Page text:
Saturday, October 9, 2010

Knox - Out of the World of Shadows

IT IS A CURIOUS point about our Lord's teaching, or about that part of it at any rate which has been preserved for us by St John, that he is always treating the things of earth, the material things of sense which are familiar to us, as unreal, as mere shadows and appearances, while the true realities, of which these earthly things are but copies, are in heaven. It is our habit to think the other way; to assume that our own flesh and blood, our food and drink and all the comforts we enjoy, are solid realities; heaven is something distant and shadowy - we believe that we shall be happy if we attain to it, but we cannot imagine how, because it all seems so remote from this real world of our experience ...

He calls us away from a world of shadows into a world of realities; from the perplexities of our earthly citizenship to a city which has foundations whose builder and maker is God.

- Ronald A. Knox

Friday, October 8, 2010

Confounding His Critics

At First Things, William Doino, Jr. - who, incidentally, wrote this review of A Little Guide for Your Last Days - writes about a glimpse of the truth, goodness, and beauty of Pope Benedict XVI's visit to England given to, of all people, a BBC reporter in The 83-Year-Old Pontiff has Confounded His Critics!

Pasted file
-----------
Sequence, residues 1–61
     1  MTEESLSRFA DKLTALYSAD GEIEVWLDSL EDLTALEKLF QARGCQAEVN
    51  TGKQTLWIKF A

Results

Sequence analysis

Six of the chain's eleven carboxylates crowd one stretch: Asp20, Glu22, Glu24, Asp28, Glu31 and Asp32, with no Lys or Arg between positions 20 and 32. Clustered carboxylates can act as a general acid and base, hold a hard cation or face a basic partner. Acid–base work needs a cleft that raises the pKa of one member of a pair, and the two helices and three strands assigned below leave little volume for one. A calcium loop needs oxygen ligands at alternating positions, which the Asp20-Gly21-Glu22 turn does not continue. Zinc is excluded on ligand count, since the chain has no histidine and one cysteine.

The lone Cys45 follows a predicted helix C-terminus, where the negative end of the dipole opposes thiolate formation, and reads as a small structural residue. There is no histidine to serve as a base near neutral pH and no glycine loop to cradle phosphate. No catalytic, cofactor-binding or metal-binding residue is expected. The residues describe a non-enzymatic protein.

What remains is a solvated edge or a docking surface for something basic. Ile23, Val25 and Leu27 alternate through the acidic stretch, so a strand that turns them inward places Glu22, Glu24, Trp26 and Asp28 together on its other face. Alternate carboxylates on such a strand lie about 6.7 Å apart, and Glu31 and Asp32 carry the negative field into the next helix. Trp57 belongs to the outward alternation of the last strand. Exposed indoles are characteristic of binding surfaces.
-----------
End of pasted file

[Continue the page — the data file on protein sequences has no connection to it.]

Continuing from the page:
Tuesday, October 5, 2010

Millais PRB - Autumn Redux

Chill October (1870) - Sir John Everett Millais

Knox - At the Altar Pt. 3

IT WAS NOT ONLY at the last supper that our Lord in person gave his own body and blood with his own hands. In the Passion itself he is, all the time, the principal agent; he was offered because he willed it. He neglected his own opportunities for defence at his trial; he consented to carry his own cross, co-operating , as it were, in the greatest injustice of history; while he hung on the cross, the angel legions were about him, hand on scabbard, ready to interfere and to rescue him, but he waved them back; and at the last, when he laid down his life, he laid it down of his own will, at a moment of his own choosing; no man could take his life from him, he laid it down. Always, Christus Patiens is also Christus Agens: always, Christ the victim is also Christ the priest. And wherever the bloodless sacrifice is offered to the last end of time, it is Christ continuing on earth the work he began on earth, our reconciliation with the Father. He lies upon the altar, as he lay stretched out on the cross on Good Friday. Yet he stands at the altar, as he stood in the upper room on Holy Thursday. Operating through the consecrated hands of his unworthy priest, Christ himself blesses the bread and transforms it, and breaks, and offers, and distributes that which he has transformed.

- Ronald A. Knox

Monday, October 4, 2010